Encyclopedia Of Detroit

Tomlin, Lily

Prolific comedian Lily Tomlin (born Mary Jean Tomlin) was born and raised on Detroit’s west side. Tomlin lived at Hazelwood and Bryon streets in the Virginia Park neighborhood where she attended Crosman Elementary and Hutchins Junior High. After graduating from Cass Technical High School, Tomlin studied biology at Wayne State University before applying her talents to theater. When Tomlin told her mother that she wanted to go into show business, her mother replied, “nobody is ever going to pay good money to see people from the neighborhood.” Tomlin left Detroit for New York City to pursue her career. 

After working in New York City’s comedy clubs, Tomlin’s big break happened in 1969 when she performed on NBC’s Rowan and Martin’s Laugh-In, a sketch comedy show. Her characters Ernestine, Edith Ann, and Mrs. Judith Beasley caught the public’s attention. Tomlin brought her characters to the stage in Saturday Night Live’s “Studio 8H.” Unafraid to tackle controversy or taboo, Tomlin broke new ground in The Search for Signs of Intelligent Life in the Universe in 1985. The one-woman play, written by her partner of over fifty years Jane Wagner, attracted both praise and criticism for its unapologetic feminism. Tomlin is also well remembered as Violet Newstead in the film 9 to 5, Ms. Frizzle in the Magic School Bus, and Debbie Fiderer on the West Wing.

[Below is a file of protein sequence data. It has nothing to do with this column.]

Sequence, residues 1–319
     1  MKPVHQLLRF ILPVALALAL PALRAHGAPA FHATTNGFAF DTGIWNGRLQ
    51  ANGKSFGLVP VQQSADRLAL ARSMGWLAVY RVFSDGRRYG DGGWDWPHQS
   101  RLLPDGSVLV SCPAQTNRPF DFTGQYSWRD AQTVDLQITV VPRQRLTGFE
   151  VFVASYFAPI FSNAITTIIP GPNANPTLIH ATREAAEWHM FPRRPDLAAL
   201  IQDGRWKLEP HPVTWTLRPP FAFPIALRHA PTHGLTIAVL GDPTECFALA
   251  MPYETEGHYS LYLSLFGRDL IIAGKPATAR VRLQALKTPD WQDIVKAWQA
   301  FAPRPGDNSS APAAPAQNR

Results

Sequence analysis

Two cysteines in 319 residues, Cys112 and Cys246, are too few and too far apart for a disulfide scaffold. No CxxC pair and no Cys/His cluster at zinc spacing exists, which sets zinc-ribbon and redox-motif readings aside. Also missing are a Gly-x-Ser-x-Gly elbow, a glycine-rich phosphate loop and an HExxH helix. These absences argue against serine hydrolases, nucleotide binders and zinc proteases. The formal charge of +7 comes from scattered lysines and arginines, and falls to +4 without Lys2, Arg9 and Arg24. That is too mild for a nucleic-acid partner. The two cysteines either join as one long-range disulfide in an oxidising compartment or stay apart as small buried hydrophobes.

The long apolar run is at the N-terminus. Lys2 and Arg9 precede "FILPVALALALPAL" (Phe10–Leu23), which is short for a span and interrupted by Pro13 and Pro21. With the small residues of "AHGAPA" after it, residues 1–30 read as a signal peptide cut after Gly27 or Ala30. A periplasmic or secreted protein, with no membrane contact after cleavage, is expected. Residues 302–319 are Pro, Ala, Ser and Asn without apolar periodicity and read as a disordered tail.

For decades, Tomlin has been a tireless advocate for civil rights, the gay community, and the working class. Tomlin’s work has earned her the respect of her peers and generations of fans. For her work, her peers have awarded her two Tony Awards, two Drama Desk Awards, a Grammy Award, six Emmy awards, a Screen Actors Guild Award, the Mark Twain Prize, and an Academy Award nomination. Tomlin was inducted into the Michigan Women’s Hall of Fame. In 2014, Tomlin was honored by President Barack Obama at the Kennedy Center Honors.